Stephen Wadsworth‘s vision of Boris Godunov will be more limited than Peter Stein‘s—at least so far as timing goes. Though the original director’s version would not have run anything near as long as his 12 hour Devils on Governor’s Island last summer, Wadsworth found a way to make the production both lighter in weight and about 15 minutes shorter from curtain to curtain. Read more »
The fact: the rainbow bridge worked tonight in Rheingold at the Met, and the effect was “spectacular.” (All right, that last part was an opinion. But, moving on.)
The rumor: “everyone” at the Met knew “well in advance” that the rainbow bridge would not be attempted at Monday night’s opening performance.
Lincoln Center’s Great Performers presents Diana Damrau on Saturday, December 10th, joined by Xavier de Maistre on harp, performing works by Debussy, Strauss, Fauré, and more. A regular at the Met Opera, Damrau has been called “a soprano of matchless intelligence” (Guardian).
“One of the greatest proponents of the German lied tradition” (New York Times), baritone Christian Gerhaher performs an all-Mahler program on Saturday, December 17th, featuring Gerold Huber on piano. The Telegraph calls him “the most moving singer in the world.”
Both performances are at Lincoln Center’s Alice Tully Hall.
Is it really true—the rumor La Cieca just now invented out of whole cloth—that René Pape will play Boris Godunov as an eccentric Chanel couturier? Cher public, you’ll have the chance to find out even before opening night of the Met’s new production of the Mussorgsky epic, since the company is making available making 2,000 free tickets to the October 8 dress rehearsal. Tickets to the quasi-preview, which begins at 11:00 a.m., will be available through an online ticket drawing only. Entries may be made on October 5 through the Met’s website www.metopera.org. Your doyenne is sure her spies know what to do.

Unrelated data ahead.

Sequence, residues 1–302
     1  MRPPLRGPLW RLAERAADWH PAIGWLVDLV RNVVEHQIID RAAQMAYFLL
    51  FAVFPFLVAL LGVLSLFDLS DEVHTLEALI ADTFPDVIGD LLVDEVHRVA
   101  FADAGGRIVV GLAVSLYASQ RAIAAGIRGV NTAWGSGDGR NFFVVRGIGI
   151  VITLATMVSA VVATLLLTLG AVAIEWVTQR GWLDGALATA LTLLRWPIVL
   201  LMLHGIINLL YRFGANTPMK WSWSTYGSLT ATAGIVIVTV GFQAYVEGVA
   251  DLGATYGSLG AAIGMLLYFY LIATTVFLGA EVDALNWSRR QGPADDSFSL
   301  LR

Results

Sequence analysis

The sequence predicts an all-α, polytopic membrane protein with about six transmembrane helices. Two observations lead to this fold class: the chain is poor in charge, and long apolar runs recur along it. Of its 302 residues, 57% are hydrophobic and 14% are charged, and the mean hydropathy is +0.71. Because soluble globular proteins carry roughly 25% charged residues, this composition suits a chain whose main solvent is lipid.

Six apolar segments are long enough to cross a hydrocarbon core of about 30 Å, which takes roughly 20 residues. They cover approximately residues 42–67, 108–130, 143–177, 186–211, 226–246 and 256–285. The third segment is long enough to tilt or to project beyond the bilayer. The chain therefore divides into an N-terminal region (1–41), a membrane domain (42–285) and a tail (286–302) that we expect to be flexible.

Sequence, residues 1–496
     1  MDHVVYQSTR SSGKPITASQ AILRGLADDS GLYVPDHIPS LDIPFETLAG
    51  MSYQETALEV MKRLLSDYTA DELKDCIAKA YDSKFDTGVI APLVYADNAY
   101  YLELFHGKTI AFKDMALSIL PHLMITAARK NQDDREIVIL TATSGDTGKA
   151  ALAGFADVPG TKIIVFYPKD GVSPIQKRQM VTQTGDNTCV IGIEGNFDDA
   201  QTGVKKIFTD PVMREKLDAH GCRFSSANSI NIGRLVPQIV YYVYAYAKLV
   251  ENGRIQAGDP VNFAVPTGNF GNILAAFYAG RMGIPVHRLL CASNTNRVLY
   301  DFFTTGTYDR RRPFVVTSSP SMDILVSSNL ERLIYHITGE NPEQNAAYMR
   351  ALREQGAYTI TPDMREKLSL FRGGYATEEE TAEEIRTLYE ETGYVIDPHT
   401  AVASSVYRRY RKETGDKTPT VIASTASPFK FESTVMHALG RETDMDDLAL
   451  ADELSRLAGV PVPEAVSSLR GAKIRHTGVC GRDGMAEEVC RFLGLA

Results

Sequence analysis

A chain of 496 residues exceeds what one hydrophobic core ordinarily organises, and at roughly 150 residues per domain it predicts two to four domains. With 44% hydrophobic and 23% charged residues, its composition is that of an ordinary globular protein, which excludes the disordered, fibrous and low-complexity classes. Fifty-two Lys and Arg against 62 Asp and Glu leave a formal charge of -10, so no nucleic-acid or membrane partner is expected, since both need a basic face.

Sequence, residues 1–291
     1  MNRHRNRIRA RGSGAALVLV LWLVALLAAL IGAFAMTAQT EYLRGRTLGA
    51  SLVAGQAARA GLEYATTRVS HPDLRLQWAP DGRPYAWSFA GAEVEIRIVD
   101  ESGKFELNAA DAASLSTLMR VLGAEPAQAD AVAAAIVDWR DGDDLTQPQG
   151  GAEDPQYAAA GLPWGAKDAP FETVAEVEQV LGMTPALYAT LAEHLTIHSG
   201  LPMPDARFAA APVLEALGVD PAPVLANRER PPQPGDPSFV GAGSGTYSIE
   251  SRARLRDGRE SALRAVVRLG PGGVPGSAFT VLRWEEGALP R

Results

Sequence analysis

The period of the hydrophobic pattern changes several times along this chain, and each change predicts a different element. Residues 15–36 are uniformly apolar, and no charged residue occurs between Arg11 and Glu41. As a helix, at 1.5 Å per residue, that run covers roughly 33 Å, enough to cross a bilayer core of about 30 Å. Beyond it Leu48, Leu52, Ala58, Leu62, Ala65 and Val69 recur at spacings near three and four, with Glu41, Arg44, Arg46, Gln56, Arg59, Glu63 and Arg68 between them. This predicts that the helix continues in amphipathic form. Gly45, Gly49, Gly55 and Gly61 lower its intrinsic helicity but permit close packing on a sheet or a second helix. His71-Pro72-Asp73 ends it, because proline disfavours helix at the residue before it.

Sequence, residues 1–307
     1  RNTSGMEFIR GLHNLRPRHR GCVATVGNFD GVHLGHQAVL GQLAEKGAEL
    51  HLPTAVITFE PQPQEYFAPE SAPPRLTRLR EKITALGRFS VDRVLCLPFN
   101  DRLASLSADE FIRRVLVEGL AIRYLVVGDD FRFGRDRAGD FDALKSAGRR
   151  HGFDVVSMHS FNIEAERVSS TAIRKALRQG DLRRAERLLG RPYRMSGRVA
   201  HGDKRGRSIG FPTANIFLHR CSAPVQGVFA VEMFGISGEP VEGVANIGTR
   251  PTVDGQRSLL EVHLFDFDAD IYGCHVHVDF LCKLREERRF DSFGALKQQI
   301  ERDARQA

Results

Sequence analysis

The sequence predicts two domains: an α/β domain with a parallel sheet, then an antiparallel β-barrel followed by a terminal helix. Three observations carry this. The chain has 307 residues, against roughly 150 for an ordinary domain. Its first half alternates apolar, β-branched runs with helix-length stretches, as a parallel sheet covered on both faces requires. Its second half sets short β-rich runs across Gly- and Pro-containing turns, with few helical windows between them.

La Cieca’s newest and nicest trickster god Fartnose McGoo (pictured) attended a lecture at the Met tonight introducing the new production of Das Rheingold. After the jump, some of his observations.
[La Cieca welcomes the newest and most lissome member of the parterre espionage force, Mlle. La Taupe, who just last night invaded the first performance of San Francisco Opera’s La fanciulla del West.] UPDATE: The last act!
La Cieca’s faithful spies once again have done their jobs well! What you learned here a week and a half ago about refitting to the Met stage to accommodate the ginormous weight of the Lepage Ring set has finally made its way into the New York Times. Also (love him or hate him) you have to give props to Peter Gelb for chutzpah: the reinforced stage, he says, now can support so much weight that “We can add elephants to Zeffirelli productions.” [NYT]
La Cieca has just heard from one of her habitually infallible moles that the refitting of the Met’s stages for the Robert Lepage Ring began today.
Our Own Gualtier Maldè (right) escaped today’s Armida dress rehearsal at the Met with his wits intact. He reports:
La Cieca is informed that tomorrow’s final dress rehearsal of Hamlet is as closed as closed can be: covers, Met staff and a few handpicked guests of Peter Gelb are the only humans to be allowed in the auditorium as the Thomas is teched. It’s natural enough, since — as we all know — the opening night Ophélie, Marlis Petersen, will not be present for this last runthrough, busy as she is singing Medea in Vienna gleichzeitzig. This veil of secrecy is like catnip to La Cieca, of course, so should you, cher pube, be one of the chosen few […]
La Cieca has the first top-secret highly classified eyes-only report from inside the hermetically sealed Attila dress rehearsal at the Met. Our spy (possibly pictured above) speaks out — after the jump, naturally.